J. Paul Getty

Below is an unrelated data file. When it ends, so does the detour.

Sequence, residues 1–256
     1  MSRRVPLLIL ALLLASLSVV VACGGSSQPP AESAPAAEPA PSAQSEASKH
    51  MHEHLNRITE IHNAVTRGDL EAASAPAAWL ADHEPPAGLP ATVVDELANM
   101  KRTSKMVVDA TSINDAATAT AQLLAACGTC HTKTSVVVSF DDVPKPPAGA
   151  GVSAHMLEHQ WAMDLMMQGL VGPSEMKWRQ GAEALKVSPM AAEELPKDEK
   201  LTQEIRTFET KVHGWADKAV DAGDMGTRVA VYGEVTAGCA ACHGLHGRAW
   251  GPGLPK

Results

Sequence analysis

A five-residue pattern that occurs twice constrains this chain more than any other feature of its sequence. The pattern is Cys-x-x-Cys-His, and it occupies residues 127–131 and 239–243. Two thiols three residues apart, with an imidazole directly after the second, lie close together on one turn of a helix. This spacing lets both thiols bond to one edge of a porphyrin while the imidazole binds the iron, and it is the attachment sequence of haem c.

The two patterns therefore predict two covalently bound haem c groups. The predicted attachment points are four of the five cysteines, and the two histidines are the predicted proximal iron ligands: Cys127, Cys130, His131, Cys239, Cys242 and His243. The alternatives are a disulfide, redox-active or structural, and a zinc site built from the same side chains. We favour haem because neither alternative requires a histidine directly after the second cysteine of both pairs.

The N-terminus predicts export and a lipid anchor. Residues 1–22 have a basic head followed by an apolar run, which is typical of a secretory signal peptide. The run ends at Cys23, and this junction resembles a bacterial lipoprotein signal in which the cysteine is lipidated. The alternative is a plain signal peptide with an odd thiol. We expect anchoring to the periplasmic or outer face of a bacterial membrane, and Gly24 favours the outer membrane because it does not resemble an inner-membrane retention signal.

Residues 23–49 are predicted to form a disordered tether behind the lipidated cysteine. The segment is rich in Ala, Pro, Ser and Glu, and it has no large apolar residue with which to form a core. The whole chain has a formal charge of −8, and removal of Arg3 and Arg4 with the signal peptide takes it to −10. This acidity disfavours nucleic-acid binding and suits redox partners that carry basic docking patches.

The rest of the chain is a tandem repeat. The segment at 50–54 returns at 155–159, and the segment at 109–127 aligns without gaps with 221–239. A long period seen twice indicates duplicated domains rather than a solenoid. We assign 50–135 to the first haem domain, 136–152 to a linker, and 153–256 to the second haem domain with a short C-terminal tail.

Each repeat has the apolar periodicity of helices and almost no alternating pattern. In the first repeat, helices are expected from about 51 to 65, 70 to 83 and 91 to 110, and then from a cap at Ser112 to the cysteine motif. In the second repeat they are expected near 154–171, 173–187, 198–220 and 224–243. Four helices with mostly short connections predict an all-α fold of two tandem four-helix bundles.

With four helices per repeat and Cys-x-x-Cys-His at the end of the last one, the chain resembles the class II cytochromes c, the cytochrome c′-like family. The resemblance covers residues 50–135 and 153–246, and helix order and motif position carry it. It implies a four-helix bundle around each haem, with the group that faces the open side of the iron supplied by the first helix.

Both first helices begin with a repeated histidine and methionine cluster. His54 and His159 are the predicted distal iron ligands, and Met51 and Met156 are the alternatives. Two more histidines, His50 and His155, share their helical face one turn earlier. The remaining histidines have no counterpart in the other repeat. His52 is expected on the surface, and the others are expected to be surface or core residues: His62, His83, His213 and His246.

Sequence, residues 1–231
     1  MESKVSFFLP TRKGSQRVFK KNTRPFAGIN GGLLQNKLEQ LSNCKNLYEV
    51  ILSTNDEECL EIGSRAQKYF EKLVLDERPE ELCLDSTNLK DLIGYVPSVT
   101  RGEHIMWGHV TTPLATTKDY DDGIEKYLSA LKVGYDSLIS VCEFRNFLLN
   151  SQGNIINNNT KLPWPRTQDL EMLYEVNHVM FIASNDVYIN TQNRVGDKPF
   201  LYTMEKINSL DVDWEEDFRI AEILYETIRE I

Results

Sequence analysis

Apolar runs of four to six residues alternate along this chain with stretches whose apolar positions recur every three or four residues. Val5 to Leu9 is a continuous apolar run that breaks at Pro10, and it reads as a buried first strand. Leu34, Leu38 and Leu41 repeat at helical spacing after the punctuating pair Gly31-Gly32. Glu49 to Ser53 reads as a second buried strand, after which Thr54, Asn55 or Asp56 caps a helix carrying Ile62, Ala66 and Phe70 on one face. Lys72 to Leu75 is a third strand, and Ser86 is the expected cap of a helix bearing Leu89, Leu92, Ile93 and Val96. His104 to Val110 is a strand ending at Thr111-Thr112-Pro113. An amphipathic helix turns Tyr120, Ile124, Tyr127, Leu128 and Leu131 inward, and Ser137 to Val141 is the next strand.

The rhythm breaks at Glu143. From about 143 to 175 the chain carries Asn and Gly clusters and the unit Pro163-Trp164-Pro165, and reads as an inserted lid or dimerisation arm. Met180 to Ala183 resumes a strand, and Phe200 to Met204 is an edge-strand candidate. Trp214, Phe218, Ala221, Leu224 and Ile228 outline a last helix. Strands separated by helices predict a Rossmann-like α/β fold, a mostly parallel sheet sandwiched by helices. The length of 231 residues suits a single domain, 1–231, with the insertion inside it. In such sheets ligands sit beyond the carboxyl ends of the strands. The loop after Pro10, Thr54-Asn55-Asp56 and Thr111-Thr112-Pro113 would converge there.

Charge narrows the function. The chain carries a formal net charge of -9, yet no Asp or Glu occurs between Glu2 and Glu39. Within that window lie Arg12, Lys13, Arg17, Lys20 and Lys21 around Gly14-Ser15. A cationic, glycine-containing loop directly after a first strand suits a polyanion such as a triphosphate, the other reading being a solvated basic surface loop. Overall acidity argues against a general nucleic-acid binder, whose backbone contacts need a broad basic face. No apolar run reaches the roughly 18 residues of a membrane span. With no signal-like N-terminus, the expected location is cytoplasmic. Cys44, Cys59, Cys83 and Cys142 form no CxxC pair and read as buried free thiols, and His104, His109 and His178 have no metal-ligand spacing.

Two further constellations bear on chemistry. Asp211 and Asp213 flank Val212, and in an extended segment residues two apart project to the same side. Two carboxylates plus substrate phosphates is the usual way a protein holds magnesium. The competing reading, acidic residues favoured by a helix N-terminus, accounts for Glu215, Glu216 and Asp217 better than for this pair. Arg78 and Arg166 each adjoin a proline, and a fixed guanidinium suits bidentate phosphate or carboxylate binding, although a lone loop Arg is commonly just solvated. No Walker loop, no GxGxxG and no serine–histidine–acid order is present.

Jean Paul Getty (December 15, 1892 – June 6, 1976) was an American industrialist. He founded the Getty Oil Company, and in 1957 Fortune magazine named him the richest living American, while the 1966 Guinness Book of Records named him as the world’s richest private citizen, worth an estimated $1.2 billion (approximately $ billion in ). At his death, he was worth more than $2 billion (approximately $ billion in ). A book published in 1996 ranked him as the 67th richest American who ever lived, based on his wealth as a percentage of the gross national product. Despite his wealth, Getty was known for being a notorious miser. He famously negotiated his grandson’s ransom. Getty was an avid collector of art and antiquities; his collection formed the basis of the [[J. Paul Getty Museum]] in Los Angeles, California, and over $661 million (approximately $ billion in ) of his estate was left to the museum after his death. He established the J. Paul Getty Trust in 1953. The trust is the world’s wealthiest art institution, and operates the J. Paul Getty Museum, the Getty Foundation, the Getty Research Institute, and the Getty Conservation Institute.

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